This all sounds nice, but how close are we to the promised land? It’s helpful to compare our progression to that of self-driving cars in recent years. At first, we had driver assistance: the car would alert the driver if it thought they might be dozing off at the wheel or drifting out of the lane. Then came semi-autonomous driving, which allowed us to let go of the steering wheel while the car drove itself for periods of time. This is akin to today’s supervised machine learning technologies. The final stage is fully autonomous driving, in which we can simply ask the car to take us where we want to go.

Most of the widely used enterprise technologies today fall into the first two categories. We have engineered various business systems and databases to communicate with one another so that data can be more easily filed when it arrives in the new system (assistance). We have also begun automating the actual transfer of the data between workflow systems in a semi-autonomous way.

If you’re following this analogy, you may be thinking that the business equivalent of the fully autonomous, driverless car is a business analytics robot that has taken the place of a human worker. In both cases, however, the human is relieved of a mundane task that had consumed much of their time and attention, freeing them up to think critically while the mundane processes continue to run in the background.

In June, researchers from the Massachusetts Institute of Technology and Brown University previewed how “driverless” business analytics — officially known as automated machine learning (AML) — might look in practice. For the past several years, the researchers have been developing a drag-and-drop analytics interface called Northstar, and a recent update allows users to instantly become virtual data scientists, applying complex machine learning tasks to large data sets by tapping and manipulating modules on a touchscreen.

In a mortgage approval setting, for example, an underwriter could use this technology to not only cull the data for the particular loan applicant but also have the ability to immediately and accurately compare that data with local mortgage approval trends, as well as other approval decisions he or she had made in the past. Likewise, doctors and physicians could easily compare a particular patient’s test results to entire databases full of (anonymized) health data and tell the machine to identify notable patterns that lead to smarter treatment.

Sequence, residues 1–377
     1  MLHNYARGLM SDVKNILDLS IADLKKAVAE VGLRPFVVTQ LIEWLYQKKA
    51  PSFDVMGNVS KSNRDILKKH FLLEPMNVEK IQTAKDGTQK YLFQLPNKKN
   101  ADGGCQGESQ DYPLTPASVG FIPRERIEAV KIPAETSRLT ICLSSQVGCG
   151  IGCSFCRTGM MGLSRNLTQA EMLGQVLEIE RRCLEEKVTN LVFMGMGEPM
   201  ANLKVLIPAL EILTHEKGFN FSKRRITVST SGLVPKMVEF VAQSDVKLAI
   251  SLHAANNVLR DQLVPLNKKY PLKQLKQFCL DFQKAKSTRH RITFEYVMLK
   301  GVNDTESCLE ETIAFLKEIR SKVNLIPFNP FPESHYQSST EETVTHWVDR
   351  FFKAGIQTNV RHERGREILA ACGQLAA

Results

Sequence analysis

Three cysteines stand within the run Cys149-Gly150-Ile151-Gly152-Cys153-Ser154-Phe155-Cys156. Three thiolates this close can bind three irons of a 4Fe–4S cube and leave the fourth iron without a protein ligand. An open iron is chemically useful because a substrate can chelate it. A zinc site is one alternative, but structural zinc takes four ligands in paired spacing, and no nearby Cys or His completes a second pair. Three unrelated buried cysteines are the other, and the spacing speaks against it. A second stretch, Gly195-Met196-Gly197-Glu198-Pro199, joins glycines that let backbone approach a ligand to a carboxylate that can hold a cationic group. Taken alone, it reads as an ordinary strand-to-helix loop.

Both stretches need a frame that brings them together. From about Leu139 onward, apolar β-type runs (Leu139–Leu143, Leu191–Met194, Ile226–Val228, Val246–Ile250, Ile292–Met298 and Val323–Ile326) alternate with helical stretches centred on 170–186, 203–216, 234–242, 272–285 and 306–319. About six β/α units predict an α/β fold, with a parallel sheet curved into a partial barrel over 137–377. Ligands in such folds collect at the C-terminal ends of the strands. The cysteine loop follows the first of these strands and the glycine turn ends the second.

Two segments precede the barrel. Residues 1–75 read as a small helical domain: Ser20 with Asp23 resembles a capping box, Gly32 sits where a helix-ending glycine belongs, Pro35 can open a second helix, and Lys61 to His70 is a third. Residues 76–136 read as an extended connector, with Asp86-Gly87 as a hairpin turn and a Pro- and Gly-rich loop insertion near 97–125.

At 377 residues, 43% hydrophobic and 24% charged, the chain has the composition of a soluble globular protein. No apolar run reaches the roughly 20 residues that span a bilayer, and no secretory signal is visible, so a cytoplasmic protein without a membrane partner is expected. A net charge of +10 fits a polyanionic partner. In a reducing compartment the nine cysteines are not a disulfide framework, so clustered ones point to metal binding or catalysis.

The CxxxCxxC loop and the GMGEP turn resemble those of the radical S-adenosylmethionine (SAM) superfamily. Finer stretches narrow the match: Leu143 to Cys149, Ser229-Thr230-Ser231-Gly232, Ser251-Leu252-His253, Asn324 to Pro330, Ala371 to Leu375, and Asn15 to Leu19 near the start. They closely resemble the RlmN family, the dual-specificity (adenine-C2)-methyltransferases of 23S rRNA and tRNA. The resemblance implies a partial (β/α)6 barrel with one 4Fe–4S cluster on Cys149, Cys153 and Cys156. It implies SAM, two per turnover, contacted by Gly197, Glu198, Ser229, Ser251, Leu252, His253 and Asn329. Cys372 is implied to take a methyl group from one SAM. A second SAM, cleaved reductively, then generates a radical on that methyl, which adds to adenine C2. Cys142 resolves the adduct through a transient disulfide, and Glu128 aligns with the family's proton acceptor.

AML technologies like these are still largely in their infancy, but business leaders must understand that they are coming. IDC research published in March predicts that global spending on artificial intelligence this year will rise 44% this year alone, with that spending nearly doubling by 2022.

The adoption of new business tools must be coupled with a concerted effort to educate employees so that the technology is not a wasted investment. But, it’s especially significant in the context of the democratization of data because this technology will, in theory, be available to every employee — not just technically trained analysts. Fortunately, the aforementioned privacy legislation has introduced a base level of data literacy to the general public, flattening out the learning curve.

In these data training endeavors, keep in mind that while great changes like these will have the most drastic impact on employees, the tech executive’s mission must remain steadfast. In company-wide communications, we often compromise our messaging for fear of being repetitive or boring. But, part of successfully introducing new tools to the organization is hammering home a key message. What’s exciting and perhaps challenging for staff should be consistent and perhaps boring for business leaders.

This future of democratization offers a look at data’s lasting and maybe even final stage. What began as the language of an elite, select few eventually became less esoteric and more accessible thanks to technology. Today, data is transforming from a common language to our universal language.